Biden unites Democrats — for now
Democrats are bracing for an all-out fight over their agenda if former Vice President Joe Biden wins the White House in November.
Even as Democrats rallied behind Biden during the four-day virtual convention, his ascendancy to the nomination has only paused the deep divisions within the party — not gotten rid of them altogether.
Biden and Democratic leaders in Congress are likely to face vast disagreements in naming their top priorities, high-profile splits on key policy issues such as health care and climate change, and an emboldened progressive wing eager to push the party further to the left.
“We’re going to come together to defeat Trump, and the day after Biden is elected, we’re going to have a serious debate about the future of this country,” Sen. Bernie Sanders (I-Vt.), Biden’s top challenger in the 2020 primary, told “The Daily Show“ this week.
A similar message was delivered in the midst of the convention when liberal firebrand Rep. Alexandria Ocasio-Cortez (D-N.Y.) endorsed Sanders as the party’s nominee. The gesture was a formality — Ocasio-Cortez is supporting Biden in November and was asked by the Democratic National Committee to endorse Sanders only to satisfy official convention protocols.
Yet in doing so, Ocasio-Cortez highlighted Sanders’s signature fight for economic justice, including efforts to install universal health care and guaranteed higher education — items opposed by many party centrists and excluded from the Democrats’ 2020 platform. Her message made crystal clear that Biden was the fallback choice in the eyes of many liberals — favored over President Trump but not favored outright — and that they’ll be fighting tooth and nail for Sanders-style policy reforms if Democrats win the White House.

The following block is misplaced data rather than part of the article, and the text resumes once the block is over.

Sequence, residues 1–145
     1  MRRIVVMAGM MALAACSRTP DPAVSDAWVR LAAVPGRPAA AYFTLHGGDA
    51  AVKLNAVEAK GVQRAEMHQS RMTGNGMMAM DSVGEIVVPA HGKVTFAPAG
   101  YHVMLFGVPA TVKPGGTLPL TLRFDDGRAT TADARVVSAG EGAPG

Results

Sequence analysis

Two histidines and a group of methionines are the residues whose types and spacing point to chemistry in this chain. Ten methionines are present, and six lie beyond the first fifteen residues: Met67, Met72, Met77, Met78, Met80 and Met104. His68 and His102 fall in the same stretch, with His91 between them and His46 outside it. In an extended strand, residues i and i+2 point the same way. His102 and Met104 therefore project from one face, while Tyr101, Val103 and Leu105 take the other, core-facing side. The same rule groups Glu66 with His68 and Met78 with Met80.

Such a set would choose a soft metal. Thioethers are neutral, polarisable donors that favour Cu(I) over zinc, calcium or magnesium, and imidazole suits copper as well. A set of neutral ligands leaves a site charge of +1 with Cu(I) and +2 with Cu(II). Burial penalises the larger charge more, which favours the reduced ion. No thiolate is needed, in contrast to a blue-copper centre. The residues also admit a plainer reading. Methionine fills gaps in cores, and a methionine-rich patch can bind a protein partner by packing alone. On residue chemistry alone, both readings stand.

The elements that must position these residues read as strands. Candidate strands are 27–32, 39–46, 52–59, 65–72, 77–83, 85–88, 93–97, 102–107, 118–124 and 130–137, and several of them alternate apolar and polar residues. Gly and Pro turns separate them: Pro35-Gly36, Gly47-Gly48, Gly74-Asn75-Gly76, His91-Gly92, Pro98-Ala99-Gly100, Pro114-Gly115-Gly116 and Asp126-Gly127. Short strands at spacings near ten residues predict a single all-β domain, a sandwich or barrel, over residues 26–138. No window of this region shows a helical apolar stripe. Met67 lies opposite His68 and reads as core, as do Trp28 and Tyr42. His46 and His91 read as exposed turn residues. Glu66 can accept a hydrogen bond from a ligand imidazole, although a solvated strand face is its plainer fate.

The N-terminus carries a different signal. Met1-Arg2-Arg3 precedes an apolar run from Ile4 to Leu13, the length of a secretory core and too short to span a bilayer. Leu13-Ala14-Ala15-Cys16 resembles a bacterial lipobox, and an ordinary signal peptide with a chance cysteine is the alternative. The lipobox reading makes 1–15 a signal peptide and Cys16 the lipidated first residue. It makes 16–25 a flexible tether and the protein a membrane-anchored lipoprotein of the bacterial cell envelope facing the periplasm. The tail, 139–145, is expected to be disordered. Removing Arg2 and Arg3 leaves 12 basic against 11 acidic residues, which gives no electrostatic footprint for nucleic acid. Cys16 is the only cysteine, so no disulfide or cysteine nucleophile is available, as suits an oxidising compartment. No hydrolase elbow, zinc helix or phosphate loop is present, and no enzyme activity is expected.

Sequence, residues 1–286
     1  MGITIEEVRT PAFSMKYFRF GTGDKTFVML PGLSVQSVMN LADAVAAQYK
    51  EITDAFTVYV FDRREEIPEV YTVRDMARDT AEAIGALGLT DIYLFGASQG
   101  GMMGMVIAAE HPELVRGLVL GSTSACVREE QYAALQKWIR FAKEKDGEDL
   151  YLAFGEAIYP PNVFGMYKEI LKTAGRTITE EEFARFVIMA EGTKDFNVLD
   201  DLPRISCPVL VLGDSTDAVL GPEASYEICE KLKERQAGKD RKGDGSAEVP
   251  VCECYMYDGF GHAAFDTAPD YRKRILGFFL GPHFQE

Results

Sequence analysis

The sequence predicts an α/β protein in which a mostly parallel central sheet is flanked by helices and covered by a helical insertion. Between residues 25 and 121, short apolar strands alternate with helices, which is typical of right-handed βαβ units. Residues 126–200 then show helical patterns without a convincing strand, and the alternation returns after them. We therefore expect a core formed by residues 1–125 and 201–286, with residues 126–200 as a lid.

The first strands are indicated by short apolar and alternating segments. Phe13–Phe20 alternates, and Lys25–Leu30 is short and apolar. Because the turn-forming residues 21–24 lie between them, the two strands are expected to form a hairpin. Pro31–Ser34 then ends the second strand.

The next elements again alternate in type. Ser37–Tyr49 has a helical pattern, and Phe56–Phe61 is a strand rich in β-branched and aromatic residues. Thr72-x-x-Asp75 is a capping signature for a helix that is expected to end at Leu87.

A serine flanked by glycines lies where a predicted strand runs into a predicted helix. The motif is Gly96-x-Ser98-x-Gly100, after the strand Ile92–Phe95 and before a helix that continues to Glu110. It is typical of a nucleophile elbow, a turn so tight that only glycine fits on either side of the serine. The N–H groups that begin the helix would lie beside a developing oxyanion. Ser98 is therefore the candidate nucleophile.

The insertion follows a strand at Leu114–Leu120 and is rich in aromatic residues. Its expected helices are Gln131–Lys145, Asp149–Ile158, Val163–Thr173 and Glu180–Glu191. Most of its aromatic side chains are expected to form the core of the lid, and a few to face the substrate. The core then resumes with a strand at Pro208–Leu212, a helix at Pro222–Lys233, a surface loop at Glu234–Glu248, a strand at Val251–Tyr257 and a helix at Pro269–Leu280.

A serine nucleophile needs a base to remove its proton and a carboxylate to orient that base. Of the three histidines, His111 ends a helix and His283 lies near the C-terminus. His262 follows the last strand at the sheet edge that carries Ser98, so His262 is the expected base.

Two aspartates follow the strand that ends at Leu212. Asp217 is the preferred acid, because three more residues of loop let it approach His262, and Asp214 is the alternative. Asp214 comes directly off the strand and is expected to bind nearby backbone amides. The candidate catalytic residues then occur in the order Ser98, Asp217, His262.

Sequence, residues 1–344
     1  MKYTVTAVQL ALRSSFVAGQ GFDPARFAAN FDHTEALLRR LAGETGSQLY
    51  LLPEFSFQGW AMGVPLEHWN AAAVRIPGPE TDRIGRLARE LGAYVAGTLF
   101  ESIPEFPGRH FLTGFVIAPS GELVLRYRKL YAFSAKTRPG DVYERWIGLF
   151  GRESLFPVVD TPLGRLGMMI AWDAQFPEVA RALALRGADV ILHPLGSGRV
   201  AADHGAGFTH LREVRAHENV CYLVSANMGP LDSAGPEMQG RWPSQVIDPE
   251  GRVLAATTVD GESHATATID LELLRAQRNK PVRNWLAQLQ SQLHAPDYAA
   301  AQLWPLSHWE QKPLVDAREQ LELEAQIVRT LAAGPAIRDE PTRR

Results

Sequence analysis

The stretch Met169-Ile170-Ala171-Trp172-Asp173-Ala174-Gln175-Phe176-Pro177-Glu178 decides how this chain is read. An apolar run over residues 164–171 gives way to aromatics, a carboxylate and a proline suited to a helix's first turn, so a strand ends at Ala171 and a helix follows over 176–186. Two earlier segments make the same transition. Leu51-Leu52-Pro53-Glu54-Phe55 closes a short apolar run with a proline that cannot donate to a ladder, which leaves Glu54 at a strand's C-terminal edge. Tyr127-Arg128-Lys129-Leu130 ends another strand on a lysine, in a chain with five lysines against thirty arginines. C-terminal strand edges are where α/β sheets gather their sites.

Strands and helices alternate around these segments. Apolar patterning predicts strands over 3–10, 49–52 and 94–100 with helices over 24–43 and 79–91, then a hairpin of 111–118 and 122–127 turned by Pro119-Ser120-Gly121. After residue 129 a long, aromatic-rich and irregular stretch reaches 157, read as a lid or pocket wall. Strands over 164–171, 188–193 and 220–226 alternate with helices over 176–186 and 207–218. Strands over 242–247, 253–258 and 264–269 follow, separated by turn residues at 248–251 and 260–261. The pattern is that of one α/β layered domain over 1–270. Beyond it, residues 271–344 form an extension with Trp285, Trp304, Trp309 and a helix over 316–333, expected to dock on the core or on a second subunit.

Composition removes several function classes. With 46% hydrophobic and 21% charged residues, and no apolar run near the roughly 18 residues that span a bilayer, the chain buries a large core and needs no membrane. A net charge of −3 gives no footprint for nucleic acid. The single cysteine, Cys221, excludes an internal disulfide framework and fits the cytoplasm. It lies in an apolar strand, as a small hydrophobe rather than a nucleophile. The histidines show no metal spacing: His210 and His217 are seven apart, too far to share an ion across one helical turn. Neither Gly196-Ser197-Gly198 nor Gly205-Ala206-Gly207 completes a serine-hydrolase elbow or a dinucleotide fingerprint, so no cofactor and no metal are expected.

Those tensions were on preview this week when Ocasio-Cortez challenged the head of Biden’s transition team, who predicted that Democrats would be “limited” in their agenda because of the debt racked up by Trump and Republicans with their 2017 tax cuts.
“This is extremely concerning. The pantry is absolutely not bare,” Ocasio-Cortez tweeted. “We need massive investment in our country or it will fall apart.”
The awkward intraparty dynamics will force Biden and congressional Democratic leaders to perform a delicate dance, constantly gauging how far left they can go to satisfy progressives without alienating a host of moderate, battleground-state Democrats.
Veterans of Capitol Hill said it’ll be no easy task.